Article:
USDA Suggests the Use of Blockchain for Organic Product Supply Chain

The Agricultural Marketing Service of USDA thinks it will be better if DLT is incorporated into the supply chain business of organic products.

The U.S. Department of Agriculture (USDA) is thinking of changing its mode of operation so as to enable it adopt blockchain technology in monitoring the delivery of its products.

The Agricultural Marketing Service arm of the USDA announced on August 5 that to deliver organic products more efficiently, it would be needful to employ the use of electronic tracking systems and digital ledger technology (DLT).

According to the report:

“DLT can provide secure, verifiable, transparent, and near-instantaneous tracking at the item level in complex supply chains.” It added: “Critically, DLT can also protect confidential business information and trade secret information by automatically restricting sensitive information to authorized entities.”

USDA didn’t disagree with the idea but it was concerned that not much can be done now because DLT is still in its early stage. It stated that it would still take some time to develop a system that uses DLT to do the needful in the organic food industry.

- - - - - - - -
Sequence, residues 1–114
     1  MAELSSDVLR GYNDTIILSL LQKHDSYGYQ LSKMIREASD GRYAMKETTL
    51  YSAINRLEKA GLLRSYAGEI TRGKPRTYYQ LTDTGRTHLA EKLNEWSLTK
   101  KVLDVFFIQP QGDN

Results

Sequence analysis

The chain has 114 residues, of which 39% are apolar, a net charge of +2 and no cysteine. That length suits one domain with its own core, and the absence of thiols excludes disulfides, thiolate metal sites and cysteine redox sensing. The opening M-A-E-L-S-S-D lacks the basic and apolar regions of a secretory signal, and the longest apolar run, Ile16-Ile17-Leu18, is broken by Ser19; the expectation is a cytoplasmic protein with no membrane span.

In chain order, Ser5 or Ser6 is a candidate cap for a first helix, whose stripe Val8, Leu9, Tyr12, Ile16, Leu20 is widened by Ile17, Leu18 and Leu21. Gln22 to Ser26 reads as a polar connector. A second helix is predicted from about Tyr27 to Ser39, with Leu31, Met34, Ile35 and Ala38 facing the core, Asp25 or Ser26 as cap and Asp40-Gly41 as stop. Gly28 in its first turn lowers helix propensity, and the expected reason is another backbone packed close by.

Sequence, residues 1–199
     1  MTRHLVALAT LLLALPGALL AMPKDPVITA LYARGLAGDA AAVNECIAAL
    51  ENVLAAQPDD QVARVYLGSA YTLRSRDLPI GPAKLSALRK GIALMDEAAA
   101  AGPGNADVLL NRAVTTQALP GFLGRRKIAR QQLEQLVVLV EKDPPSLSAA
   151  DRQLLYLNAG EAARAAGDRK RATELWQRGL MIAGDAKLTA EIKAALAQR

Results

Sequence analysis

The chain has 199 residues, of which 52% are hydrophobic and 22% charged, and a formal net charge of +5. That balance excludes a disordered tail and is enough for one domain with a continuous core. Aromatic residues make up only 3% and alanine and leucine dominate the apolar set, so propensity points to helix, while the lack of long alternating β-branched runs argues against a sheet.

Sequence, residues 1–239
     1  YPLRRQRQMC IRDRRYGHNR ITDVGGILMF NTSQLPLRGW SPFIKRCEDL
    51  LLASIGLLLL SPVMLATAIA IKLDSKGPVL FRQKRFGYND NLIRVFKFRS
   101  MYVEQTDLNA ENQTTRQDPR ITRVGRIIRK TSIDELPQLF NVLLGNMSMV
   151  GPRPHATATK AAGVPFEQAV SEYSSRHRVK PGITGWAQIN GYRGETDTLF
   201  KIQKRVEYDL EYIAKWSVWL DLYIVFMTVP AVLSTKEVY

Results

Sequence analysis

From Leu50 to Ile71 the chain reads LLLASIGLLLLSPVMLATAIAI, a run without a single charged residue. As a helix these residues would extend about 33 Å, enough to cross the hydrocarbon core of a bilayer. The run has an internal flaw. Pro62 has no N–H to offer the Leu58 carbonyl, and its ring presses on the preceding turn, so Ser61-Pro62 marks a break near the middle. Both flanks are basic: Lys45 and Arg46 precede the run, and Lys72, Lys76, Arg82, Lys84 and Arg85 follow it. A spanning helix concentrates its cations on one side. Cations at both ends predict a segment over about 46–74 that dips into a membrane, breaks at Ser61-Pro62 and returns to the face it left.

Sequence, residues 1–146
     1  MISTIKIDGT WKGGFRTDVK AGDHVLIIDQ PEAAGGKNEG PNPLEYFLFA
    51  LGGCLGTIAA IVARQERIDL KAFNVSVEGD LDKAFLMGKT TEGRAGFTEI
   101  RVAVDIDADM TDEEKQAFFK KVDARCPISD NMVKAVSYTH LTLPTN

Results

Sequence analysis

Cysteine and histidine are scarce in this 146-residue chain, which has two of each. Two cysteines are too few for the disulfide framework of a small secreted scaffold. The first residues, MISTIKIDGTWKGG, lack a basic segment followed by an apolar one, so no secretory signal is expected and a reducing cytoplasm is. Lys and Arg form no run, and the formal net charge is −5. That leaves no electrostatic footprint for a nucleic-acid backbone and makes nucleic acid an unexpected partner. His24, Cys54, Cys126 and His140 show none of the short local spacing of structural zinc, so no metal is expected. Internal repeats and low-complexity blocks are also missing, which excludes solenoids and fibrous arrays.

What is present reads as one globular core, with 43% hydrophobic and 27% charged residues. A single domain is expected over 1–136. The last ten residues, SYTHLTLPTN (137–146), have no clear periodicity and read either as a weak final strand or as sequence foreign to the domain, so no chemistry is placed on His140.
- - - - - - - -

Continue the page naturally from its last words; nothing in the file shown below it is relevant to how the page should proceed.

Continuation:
However, USDA will modify some its rules as the first step towards embracing blockchain. To this end, it came up with this:

“Barriers to widespread adoption of an electronic tracking system include inadequate access to technology and connectivity in rural areas, acceptance of universal electronic standards (interoperability), and distribution of costs.”

Other cases where supply chains were modified

Although the USDA didn’t specifically mention blockchain, it can be said it had this in mind because of the references made to other supply chain projects using blockchain such as Walmart for its mangoes and pork, Nestlé for its milk supply chain, Bumble Bee Foods for the supply of yellowfin tuna from Indonesia to the U.S.

The USDA requests all private and public companies that produce organic products in commercial amount to take a look at the rules it intends to run with and leave a feedback between now and October 5 for a possible implementation.

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